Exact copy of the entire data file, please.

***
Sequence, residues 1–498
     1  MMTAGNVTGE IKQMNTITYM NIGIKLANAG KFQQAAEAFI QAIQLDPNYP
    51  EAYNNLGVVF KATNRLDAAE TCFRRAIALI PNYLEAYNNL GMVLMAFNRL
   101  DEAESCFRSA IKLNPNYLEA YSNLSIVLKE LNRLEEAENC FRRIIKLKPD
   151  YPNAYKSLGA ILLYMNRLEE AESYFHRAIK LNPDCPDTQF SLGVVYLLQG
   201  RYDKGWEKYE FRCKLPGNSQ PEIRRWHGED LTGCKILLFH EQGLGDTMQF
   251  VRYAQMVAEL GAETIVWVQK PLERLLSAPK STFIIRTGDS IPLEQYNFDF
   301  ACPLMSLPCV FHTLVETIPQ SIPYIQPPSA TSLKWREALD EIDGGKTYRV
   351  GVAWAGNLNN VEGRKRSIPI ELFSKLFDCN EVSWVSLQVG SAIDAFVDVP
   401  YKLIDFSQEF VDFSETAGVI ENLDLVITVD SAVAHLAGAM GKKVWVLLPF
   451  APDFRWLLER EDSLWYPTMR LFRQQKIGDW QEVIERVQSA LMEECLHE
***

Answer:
Sequence, residues 1–498
     1  MMTAGNVTGE IKQMNTITYM NIGIKLANAG KFQQAAEAFI QAIQLDPNYP
    51  EAYNNLGVVF KATNRLDAAE TCFRRAIALI PNYLEAYNNL GMVLMAFNRL
   101  DEAESCFRSA IKLNPNYLEA YSNLSIVLKE LNRLEEAENC FRRIIKLKPD
   151  YPNAYKSLGA ILLYMNRLEE AESYFHRAIK LNPDCPDTQF SLGVVYLLQG
   201  RYDKGWEKYE FRCKLPGNSQ PEIRRWHGED LTGCKILLFH EQGLGDTMQF
   251  VRYAQMVAEL GAETIVWVQK PLERLLSAPK STFIIRTGDS IPLEQYNFDF
   301  ACPLMSLPCV FHTLVETIPQ SIPYIQPPSA TSLKWREALD EIDGGKTYRV
   351  GVAWAGNLNN VEGRKRSIPI ELFSKLFDCN EVSWVSLQVG SAIDAFVDVP
   401  YKLIDFSQEF VDFSETAGVI ENLDLVITVD SAVAHLAGAM GKKVWVLLPF
   451  APDFRWLLER EDSLWYPTMR LFRQQKIGDW QEVIERVQSA LMEECLHE